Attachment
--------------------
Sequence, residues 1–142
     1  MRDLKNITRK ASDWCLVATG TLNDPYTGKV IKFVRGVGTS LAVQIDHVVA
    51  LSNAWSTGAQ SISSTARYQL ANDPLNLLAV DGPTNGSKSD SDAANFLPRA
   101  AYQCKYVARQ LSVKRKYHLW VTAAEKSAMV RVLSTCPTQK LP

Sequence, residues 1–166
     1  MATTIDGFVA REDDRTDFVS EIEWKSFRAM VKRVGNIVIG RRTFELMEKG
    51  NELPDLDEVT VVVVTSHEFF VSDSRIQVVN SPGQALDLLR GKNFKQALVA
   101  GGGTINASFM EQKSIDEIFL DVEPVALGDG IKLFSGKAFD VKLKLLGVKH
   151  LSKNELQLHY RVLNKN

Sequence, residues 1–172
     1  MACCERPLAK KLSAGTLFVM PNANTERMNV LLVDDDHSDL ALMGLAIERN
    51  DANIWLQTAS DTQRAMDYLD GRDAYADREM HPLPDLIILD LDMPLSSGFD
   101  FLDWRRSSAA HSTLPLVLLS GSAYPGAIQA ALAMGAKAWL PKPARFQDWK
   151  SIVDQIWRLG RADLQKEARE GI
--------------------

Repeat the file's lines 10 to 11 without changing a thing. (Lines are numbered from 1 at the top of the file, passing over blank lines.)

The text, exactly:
Sequence, residues 1–172
     1  MACCERPLAK KLSAGTLFVM PNANTERMNV LLVDDDHSDL ALMGLAIERN